Who is a member?
Our members are the local governments of Massachusetts and their elected and appointed leadership.
Following a summer of protests around the world demanding attention to systemic racism and inequity, the city of Newburyport has launched community-based, anti-racism and equity-focused initiatives.
“The entire country was reeling but we had a series of incidents that happened in our city,” said Mayor Donna Holaday. “We certainly recognized that we had work to do as a community.”
The city’s new Diversity, Equity and Inclusion Alliance comprises 24 community members selected from a competitive pool of applicants. It will focus on examining racial equity issues in the community, including policies, services and ordinances, and developing recommendations for change.
“Our goal was to make sure we were reaching across the entire city and for representation across all peoples,” Holaday said. “We have students, members of the LGBTQ community, faith-based, people of color, representing a variety of ethnicities.”
The alliance was brought together last month and will continue to meet virtually to get to know each other and begin an analysis of strengths, weaknesses, accomplishments and threats (SWAT) to help develop a mission statement and goals for the group. The city is working to coordinate an immediate training for the alliance, as well as future opportunities for learning as they dive into their work.
“I am so impressed with people in this community wanting to be a part of this effort,” Holaday said. “It’s been incredible to learn stories and backgrounds of people in the community. We have voices from all areas.”
Following the development stage, the alliance is expected to create smaller working groups to address specific action items in the community and will work closely with the community as a whole, with the potential for a community-wide survey, resource development and programming on local cable.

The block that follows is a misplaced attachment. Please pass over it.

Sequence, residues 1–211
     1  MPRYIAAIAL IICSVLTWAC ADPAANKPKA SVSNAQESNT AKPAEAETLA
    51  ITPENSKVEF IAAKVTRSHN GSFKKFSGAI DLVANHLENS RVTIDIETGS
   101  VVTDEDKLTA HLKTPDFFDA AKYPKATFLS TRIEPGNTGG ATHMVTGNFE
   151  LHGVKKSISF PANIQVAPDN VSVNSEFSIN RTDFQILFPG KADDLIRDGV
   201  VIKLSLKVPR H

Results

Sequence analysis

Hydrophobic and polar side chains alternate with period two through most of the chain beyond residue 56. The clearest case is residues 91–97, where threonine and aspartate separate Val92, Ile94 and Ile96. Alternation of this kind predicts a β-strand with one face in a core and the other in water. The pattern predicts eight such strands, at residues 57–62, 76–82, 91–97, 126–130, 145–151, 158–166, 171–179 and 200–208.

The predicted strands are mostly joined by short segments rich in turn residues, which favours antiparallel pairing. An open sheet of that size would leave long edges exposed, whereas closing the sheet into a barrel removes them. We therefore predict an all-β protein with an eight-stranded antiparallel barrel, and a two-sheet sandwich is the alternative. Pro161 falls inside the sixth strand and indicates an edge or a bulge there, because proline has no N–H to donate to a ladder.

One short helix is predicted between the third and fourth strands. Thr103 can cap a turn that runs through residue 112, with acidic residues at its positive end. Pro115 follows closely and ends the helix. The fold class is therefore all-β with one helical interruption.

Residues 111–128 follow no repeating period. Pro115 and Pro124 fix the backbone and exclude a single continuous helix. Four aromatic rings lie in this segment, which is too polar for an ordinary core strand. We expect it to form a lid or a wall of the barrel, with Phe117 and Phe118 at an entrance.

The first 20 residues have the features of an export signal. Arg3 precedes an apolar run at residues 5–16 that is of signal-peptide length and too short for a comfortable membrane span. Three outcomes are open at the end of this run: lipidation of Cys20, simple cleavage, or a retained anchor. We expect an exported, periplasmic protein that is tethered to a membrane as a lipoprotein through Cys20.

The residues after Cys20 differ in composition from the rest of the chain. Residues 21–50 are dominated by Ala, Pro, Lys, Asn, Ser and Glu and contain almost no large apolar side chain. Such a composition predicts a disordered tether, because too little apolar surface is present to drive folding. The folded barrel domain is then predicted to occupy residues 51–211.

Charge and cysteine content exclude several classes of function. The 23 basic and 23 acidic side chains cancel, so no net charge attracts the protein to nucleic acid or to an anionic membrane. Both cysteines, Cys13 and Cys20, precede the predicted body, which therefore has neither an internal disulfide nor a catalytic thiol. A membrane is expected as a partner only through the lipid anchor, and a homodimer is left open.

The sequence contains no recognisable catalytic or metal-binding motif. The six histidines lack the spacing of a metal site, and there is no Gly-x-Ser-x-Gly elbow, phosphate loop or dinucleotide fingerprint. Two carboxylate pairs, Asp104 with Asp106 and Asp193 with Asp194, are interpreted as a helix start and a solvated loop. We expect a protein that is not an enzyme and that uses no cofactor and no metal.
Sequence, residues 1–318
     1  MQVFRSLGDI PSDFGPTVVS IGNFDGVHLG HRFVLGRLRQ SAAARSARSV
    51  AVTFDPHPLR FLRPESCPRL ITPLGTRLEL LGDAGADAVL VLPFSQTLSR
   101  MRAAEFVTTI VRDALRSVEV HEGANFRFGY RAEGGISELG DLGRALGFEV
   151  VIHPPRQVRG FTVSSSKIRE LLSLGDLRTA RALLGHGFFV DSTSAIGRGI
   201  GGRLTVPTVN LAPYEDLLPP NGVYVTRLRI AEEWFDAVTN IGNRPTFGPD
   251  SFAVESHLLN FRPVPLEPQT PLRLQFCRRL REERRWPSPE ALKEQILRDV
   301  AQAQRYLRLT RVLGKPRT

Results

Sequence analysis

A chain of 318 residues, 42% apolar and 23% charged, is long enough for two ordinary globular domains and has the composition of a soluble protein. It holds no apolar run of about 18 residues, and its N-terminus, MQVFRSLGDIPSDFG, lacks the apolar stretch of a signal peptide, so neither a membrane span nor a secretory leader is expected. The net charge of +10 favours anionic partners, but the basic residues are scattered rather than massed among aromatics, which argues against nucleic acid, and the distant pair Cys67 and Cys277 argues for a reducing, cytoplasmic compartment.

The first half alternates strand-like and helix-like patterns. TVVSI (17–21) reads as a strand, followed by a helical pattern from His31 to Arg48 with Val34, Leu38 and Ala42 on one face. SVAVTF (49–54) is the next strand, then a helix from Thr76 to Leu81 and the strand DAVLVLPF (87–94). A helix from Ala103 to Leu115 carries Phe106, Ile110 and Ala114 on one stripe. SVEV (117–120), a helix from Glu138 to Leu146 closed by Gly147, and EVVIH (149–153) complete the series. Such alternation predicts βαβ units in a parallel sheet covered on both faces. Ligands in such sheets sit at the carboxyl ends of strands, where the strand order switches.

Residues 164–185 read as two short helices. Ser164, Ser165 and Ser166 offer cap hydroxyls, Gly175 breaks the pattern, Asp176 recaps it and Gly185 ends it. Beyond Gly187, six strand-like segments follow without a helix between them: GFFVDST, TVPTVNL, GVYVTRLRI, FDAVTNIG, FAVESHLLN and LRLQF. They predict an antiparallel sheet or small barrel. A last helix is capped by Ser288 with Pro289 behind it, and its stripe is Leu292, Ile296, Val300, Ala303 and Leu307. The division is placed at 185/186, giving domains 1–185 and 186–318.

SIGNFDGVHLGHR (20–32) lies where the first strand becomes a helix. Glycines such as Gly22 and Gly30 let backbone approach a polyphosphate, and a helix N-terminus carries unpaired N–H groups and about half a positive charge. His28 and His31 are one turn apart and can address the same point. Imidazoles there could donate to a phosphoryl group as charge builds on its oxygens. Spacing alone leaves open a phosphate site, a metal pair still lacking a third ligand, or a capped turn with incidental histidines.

The city is also launching a community read of Bryan Stevenson’s book “Just Mercy,” led by the school district. And city officials, including Mayor Holaday, took part in a new video campaign led by the First Religious Society, Unitarian Universalist titled “Hate Has No Port Here.” The three-and-a-half-minute video, available on YouTube, features faith and city leaders, along with members and families of the community, reading quotes from civil rights leaders and other advocates. The campaign also has yard signs available for residents and businesses to display to bring attention to the cause.
“The faith-based community is very large and active in the city,” said Holaday, noting that several members of the DEI Alliance took part in the video. “I was so pleased that they took the initiative and reached out to us. I thought it was a good way to launch this video followed by the DEI Alliance and our community read.”
The mayor noted that there was no set timeline for the alliance to complete its work, and that an important part of the application process was to emphasize the commitment being asked of the members.
“We have a lot of work to do,” she said.